I believe that the “Christ without borders” is at the heart of Catholic teaching. I do not doubt that some of the U.S. bishops also believe this. But when Charlie Rose and Steve Bannon talk about Cardinal Timothy Dolan, they talk about a man who has hidden money to keep it from being seized for damages/ awards in cases (clergy) sexual assault cases. survivors. They about a prelate who threatened to defund Catholic Charities in the course of a DOMA-related tantrum. (Catholic Charities helps the poor---many of them immigrants, documented and not, to obtain food, clothing, shelter and basic services ). They speak of a cardinal who knew who who alleged sexual assailant and racist Donald Trump was, chuckled at all his jokes and allowed his brother priests to electioneer for the neo-Nazi from their parish pulpits.

Dolan is a big defender of capitalism. Maybe Dolan and his ilk do care about immigrants, but he also cares about the bottom line, and like his brother bishop on the other side of the Brooklyn Bridge, New York's Opus Dei bishop, (of Brooklyn and Queens) Nicholas DiMarzio, he’s focused on “the New Evangelization.” If one studies the pattern of closing schools and parishes, one quickly sees a tendency on he part of these bishops to obtain as many eggs as possible before killing the golden geese. DiMarzio merged poor churches filled with immigrants and other poor folk so as to build himself a second cathedral, who collaborated closely with politicians who spearheaded real estate development agencies (some of) which displaced hundreds of poor and immigrant residents living near his two cathedrals in downtown Brooklyn. DiMarzio is fond of waxing prosaic on "the new evangelization," and immigrants are part of the plan. Does Brooklyn's bishop care about immigrants? Maybe. But not so much as he cares about his piece of the action. They speak of a man who has always spoken out of two sides of his mouth on the matter of LGBTQ Catholics. Indeed the disposition Cardinal Dolan has adopted toward LGBTQ Catholics reveals much about the way economics plays into some of the U.S. Bishops’ social justice perspectives. Why is there currently so robust a push to keep LGBTQ Catholics in he pews even when they are still technically viewed as “disordered,” unable to marry and discouraged /prohibited from receiving the sacraments if they are sexually active? Their lifestyles are bad, but their money is good? It is one thing to speak on behalf of the stranger, the marginalized, the subjugated; and quite another to make the "word" (s) flesh.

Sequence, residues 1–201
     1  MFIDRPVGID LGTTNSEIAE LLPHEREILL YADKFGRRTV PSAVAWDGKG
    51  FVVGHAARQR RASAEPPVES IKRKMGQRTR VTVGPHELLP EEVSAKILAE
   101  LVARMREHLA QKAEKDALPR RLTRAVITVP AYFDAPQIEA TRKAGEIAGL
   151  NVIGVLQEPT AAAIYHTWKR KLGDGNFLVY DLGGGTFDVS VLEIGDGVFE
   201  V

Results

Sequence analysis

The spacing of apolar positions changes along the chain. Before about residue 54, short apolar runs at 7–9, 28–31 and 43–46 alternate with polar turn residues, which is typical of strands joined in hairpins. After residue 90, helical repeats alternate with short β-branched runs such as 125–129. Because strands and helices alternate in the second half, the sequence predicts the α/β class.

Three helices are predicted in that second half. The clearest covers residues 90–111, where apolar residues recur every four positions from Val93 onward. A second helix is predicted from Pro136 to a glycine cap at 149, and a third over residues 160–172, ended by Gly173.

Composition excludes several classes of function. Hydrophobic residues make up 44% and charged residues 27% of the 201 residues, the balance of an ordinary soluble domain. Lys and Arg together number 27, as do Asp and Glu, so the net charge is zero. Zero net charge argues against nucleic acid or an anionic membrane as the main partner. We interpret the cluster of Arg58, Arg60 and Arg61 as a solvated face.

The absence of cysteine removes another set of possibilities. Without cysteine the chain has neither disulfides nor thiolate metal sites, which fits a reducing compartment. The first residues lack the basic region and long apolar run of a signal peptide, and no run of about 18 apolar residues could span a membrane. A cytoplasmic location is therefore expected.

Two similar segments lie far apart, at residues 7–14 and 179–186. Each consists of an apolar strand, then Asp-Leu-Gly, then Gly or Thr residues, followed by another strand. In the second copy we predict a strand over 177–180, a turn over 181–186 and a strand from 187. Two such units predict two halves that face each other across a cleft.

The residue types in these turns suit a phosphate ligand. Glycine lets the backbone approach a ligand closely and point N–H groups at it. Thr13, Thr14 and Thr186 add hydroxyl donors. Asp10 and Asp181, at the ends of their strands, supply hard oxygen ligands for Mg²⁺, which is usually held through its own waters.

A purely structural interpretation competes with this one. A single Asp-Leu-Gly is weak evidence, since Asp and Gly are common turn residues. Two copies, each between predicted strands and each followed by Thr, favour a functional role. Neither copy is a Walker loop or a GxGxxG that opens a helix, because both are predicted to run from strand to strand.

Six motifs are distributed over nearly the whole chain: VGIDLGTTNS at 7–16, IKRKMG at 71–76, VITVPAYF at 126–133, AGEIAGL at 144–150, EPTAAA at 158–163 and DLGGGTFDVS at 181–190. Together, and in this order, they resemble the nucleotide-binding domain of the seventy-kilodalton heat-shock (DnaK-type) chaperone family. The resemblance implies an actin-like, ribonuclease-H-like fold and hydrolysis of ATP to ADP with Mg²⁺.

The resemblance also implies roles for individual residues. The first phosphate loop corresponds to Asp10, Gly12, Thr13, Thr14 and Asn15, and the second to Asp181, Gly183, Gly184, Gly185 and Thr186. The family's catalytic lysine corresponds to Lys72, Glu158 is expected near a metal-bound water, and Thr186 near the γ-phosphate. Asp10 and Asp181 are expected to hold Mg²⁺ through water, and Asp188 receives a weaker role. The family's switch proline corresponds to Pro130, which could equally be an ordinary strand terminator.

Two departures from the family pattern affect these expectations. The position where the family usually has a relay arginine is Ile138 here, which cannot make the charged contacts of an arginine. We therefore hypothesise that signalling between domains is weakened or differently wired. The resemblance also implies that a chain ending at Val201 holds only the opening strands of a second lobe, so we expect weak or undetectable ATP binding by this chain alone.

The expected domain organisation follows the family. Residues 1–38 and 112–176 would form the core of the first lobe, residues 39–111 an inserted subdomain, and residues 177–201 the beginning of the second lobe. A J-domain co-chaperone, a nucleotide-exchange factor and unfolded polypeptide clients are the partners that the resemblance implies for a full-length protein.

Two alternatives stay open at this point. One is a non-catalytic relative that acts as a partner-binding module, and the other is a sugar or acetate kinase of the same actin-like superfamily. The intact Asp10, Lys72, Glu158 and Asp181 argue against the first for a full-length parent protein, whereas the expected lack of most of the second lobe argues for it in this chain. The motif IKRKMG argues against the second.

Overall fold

I’m no fan of Steve Bannon’s, but even a broken clock…